Dr. Frank D. Costenbader is universally recognized as the first ophthalmologist to limit his practice, in 1943, exclusively to children. With that decision, he became the ‘’Father of Pediatric Ophthalmology”, and, by association, also the founder of Ophthalmology’s first sub-specialty.
Ophthalmology, being primarily a geriatric specialty, the visual disorders of infants and children, especially ocular motility conditions, were poorly understood, and generally ignored, until they became the primary focus of Dr. Costenbader’s attention and research. It was through his personal efforts that parents and pediatricians became convinced of the special benefits their children received under his care. Three years later, in 1947, Dr. Marshall Parks was released from his wartime Navy service and joined Dr. Costenbader in his office as a preceptee, and the following year as a partner. Thus began the close personal friendship and intimate professional relationship of Costenbader and Parks from which this new sub-specialty truly developed and flourished.
Born in Norfolk, VA on February 15, 1905, his demeanor bespoke the presence of a true Virginia gentleman. In his life and developing practice Dr. Frank Costenbader was recognized as a gentle practitioner, patient teacher, and innovative researcher, and often described as a “giant among men, tall and serious, but with a ready twinkle in his eye; clear thinking, articulate and beautifully spoken; above personal interest, an even-handed elder statesman.” The standard and objective he set for himself, and thereby for others, was excellence.
Dr. Costenbader received his medical degree from the University of Virginia in Charlottesville in 1929. He came to Washington, DC, for his EENT residency in 1931 at the Episcopal Eye, Ear and Throat Hospital. Always preferring Ophthalmology to Otolaryngology, he opened a practice in Washington in 1932, and through the first decade spent increasing time developing the Eye Clinic at Children’s Hospital. After 11 years in a general ophthalmology practice, he made that irrevocable decision to devote his career to improving children’s eye care.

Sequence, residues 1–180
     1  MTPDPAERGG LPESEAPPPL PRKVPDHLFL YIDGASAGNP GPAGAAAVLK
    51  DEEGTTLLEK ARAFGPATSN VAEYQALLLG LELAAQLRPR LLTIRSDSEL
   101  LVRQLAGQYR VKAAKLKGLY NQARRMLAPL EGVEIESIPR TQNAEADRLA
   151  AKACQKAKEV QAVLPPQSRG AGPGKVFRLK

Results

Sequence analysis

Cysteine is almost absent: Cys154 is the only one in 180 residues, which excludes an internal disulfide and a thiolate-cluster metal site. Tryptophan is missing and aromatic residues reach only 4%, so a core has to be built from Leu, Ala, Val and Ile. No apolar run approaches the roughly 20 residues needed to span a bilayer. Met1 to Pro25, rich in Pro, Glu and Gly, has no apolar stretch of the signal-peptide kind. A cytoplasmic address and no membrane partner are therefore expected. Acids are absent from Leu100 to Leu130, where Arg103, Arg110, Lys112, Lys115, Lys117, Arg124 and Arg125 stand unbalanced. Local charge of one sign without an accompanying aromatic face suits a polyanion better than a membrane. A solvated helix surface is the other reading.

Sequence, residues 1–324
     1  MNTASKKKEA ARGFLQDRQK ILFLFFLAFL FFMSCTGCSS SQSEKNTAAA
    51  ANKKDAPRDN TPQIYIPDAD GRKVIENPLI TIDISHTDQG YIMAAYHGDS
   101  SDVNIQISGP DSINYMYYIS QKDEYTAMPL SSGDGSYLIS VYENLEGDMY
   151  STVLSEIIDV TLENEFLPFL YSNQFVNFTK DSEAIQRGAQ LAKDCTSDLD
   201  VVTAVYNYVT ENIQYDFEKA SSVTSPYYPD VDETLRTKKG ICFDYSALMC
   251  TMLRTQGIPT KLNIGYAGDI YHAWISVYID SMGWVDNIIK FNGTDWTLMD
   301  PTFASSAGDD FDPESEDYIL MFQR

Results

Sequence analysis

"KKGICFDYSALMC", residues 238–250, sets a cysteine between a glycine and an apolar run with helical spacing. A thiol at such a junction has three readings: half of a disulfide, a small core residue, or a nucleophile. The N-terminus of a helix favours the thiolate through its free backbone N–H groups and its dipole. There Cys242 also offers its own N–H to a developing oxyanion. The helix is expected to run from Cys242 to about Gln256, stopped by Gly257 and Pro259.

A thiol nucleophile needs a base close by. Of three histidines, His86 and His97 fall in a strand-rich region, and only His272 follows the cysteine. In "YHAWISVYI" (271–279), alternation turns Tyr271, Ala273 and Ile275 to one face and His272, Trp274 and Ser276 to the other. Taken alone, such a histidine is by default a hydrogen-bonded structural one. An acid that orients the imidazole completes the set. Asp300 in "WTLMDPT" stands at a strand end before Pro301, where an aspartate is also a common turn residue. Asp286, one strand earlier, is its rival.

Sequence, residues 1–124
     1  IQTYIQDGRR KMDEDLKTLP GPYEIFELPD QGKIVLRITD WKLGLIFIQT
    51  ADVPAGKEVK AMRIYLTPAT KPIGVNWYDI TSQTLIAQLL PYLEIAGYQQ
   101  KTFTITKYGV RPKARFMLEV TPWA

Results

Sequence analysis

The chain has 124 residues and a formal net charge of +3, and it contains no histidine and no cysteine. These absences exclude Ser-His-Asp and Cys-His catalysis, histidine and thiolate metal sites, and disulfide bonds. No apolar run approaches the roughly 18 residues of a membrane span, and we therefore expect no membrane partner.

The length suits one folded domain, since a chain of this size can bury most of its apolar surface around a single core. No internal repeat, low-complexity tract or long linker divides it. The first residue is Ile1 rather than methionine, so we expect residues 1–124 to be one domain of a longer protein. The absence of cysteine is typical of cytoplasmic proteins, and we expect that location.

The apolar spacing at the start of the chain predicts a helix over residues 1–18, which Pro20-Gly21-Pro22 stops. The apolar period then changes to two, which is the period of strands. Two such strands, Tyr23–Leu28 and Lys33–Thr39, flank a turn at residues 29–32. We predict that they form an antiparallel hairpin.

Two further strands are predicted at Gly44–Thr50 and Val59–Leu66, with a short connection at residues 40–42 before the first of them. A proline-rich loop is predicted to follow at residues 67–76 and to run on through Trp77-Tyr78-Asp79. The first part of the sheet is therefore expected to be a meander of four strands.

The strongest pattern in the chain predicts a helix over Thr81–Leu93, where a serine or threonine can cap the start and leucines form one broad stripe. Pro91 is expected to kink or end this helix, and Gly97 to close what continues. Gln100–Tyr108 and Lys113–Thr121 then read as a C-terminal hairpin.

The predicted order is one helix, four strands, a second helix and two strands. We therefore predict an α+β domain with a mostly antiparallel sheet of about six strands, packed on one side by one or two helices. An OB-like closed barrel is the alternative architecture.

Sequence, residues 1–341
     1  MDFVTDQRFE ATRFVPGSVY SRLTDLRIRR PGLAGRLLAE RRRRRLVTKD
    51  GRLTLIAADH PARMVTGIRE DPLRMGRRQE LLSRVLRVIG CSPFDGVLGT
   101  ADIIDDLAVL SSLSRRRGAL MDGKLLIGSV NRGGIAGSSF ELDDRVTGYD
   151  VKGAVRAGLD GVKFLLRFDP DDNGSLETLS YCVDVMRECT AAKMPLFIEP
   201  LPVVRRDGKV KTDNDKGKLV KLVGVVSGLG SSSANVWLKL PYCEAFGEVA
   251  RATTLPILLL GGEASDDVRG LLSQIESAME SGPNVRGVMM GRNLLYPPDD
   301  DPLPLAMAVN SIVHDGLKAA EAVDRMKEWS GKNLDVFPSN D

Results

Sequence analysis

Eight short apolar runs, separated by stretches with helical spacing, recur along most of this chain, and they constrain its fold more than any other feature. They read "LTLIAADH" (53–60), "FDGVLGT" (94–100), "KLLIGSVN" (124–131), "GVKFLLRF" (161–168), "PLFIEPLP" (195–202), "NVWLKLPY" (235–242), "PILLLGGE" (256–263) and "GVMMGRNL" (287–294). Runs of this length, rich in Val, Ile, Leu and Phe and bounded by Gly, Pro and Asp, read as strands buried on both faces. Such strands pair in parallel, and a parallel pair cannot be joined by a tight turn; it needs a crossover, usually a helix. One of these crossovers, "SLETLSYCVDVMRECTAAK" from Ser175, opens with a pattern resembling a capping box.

Dr. Costenbader was a very active member of the American Academy of Ophthalmology (AAO) and the American Ophthalmological Society (AOS). He actually achieved a reputation as a “strabismologist” before his exclusive pediatric practice, enabling him to participate with Burian, Adler, Swan, and others in national strabismus symposia. The publication of his AOS thesis on “Infantile Esotropia” in 1961, detailing the diagnosis and treatment of 1150 cases from his own practice, secured his reputation and he went on to become a co-founder of the elite Association for Research in Strabismus, the Squint Club. Of his own 65 published papers, the majority (75%) was on strabismus topics. He was also an early supporter of Orthoptics in the United States, participating in the formation of the American Orthoptic Council and serving as its president from 1960 to 1962.
In November 1970, Dr. Frank D. Costenbader was the first honoree of a new award of the National Society for the Prevention of Blindness, in New York City, recognizing his unique contributions and pioneering work in training pediatric ophthalmologists, and for emphasizing the importance of early diagnosis and treatment of childhood disorders. A week later, at age 65, he suffered a stroke and was medically retired. His condition gradually deteriorated due to an unrelenting Parkinson's disease. Today, Dr. Costenbader is revered by the world of Pediatric Ophthalmology, as he is by his former students, colleagues and their Costenbader Alumni Society. He is annually recognized and honored by AAPOS through the prestigious Frank D. Costenbader Lecture.